Gerrit Thomas Rietveld was born in Utrecht in 1888 and while still a child moved with his family to Poortstraat where his father opened a carpentry workshop. Having completed his elementary schooling, Gerrit began working in his father’s workshop, but a few years later his desire for an artistic education led him to return to school.
Between 1904 and 1908 he attended courses at the Museum of Arts and Crafts in Utrecht and from 1906 frequented the course of architecture in the atelier of P. J. Klaarhamer (1874-1954), from whom he leant much about the figurative and plastic arts, philosophy and literature.
In 1911 Rietveld married Vrouwgien Hadders (1883-1957). The family grew rapidly and in 1917 the couple moved to Adriaan van Ostadelaan, where Gerrit, at the age of 29, opened his own atelier.
In 1919 he met the painter Theo van Doesburg, the architect J. J. P. Oud and joined the De Stijl movement founded two years earlier with the publication of the periodical of the same name.
In 1921 he initiated a fruitful collaboration with Mrs. Truus Schröder-Schräder that continued uninterrupted for over 40 years. In 1924, they designed together the Schröder House on Prins Hendriklaan which over the following years became the built manifesto of De Stijl architecture. The house brought Rietveld vast international fame.
In 1928, he was one of the founding members of the CIAM (Congrès Internationaux d’Architecture Moderne) and participated in the first Congress held at La Sarraz (Switzerland). Years of intensive design work followed, with the realization of important works.
For over 15 years (1942-1958) Rietveld also taught at the Fine Arts Academy in The Hague and subsequently at the Architecture Academy in Amsterdam.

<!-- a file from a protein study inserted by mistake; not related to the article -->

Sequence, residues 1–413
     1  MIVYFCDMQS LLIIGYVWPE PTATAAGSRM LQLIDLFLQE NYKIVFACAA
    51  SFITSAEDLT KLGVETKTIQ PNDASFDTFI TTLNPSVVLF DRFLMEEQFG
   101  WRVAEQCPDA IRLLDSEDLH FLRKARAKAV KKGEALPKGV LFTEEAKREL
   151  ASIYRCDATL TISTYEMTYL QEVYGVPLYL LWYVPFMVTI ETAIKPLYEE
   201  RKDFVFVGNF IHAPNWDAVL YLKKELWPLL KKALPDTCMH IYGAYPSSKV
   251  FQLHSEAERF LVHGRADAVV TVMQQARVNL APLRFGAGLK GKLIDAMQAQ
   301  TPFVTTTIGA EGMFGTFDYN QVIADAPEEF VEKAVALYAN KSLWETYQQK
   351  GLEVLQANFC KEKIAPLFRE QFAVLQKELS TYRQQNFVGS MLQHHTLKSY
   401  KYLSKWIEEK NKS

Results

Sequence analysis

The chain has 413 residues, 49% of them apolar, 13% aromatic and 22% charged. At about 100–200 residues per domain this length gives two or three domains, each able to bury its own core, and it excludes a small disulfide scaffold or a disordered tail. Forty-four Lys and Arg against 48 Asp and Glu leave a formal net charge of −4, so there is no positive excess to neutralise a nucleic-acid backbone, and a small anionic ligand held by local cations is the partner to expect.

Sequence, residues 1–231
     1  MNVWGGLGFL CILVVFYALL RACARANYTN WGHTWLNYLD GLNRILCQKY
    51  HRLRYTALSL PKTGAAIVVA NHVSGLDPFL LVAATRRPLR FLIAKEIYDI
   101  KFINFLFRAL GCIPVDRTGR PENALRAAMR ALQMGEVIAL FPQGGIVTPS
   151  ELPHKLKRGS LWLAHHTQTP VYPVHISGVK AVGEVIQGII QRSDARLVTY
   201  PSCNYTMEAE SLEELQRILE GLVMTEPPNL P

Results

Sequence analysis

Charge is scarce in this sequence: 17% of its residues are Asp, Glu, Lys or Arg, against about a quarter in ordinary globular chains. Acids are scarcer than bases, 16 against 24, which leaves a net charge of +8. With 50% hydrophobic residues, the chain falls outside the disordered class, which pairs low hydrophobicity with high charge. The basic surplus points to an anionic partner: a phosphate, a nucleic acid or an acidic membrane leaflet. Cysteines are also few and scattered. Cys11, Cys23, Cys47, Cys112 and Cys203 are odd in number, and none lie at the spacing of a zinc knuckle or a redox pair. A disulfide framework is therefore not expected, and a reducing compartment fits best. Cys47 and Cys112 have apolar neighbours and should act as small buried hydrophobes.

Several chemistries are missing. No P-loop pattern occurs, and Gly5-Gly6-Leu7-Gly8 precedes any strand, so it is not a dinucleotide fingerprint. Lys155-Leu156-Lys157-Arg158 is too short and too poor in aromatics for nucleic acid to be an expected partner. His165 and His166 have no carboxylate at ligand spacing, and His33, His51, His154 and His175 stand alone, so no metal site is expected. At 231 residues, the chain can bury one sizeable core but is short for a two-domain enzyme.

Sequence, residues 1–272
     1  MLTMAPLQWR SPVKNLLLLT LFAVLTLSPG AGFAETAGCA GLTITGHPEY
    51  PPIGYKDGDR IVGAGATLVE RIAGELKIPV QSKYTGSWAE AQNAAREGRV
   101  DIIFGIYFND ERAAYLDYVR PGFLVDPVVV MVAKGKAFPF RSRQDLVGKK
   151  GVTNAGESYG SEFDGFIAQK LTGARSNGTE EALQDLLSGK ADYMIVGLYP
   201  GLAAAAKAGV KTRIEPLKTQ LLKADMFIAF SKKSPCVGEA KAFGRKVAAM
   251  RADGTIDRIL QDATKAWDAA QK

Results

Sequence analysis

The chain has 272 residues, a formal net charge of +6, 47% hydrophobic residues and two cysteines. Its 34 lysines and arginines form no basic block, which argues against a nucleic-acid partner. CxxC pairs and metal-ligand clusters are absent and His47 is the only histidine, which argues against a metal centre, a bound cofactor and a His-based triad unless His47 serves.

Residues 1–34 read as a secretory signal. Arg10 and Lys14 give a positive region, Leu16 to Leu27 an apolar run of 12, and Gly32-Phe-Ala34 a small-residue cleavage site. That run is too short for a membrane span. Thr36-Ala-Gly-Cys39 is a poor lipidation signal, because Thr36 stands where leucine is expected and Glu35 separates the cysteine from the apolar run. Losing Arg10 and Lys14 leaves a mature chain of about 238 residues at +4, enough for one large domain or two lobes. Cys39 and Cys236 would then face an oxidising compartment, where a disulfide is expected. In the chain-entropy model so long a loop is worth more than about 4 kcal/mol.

He was one of the protagonists in the years of reconstruction following the Second World War. His work as an architect and planner was flanked by that of a skilled curator and exhibition space designer. He was responsible for the memorable De Stijl 1917-1928 exhibitions he prepared for the Stedlijk Museum in Amsterdam (1951) and Museum of Modern Art (MoMA) in New York.
In 1958, his how town hosted the first retrospective exhibition of his work in the Centraal Museum. That same year saw the appearance of the first monograph in which the work of the Utrecht “carpenter” received international recognition.
He was awarded two honours in 1954 and 1963: he was made a knight of the Order of Orange-Nassau and give the Silver City Medal by the municipality of Utrecht. In 1961 he formed a partnership with the architects J. van Dillen and J. van Tricht with whom he worked on all subsequent projects. Shortly before his death, on the 25th of June 1964, Rietveld was nominated as an honorary member of the National Order of Dutch Architects (B.N.A.) and received an honorary degree from the Polytechnic School of Architecture in Delft.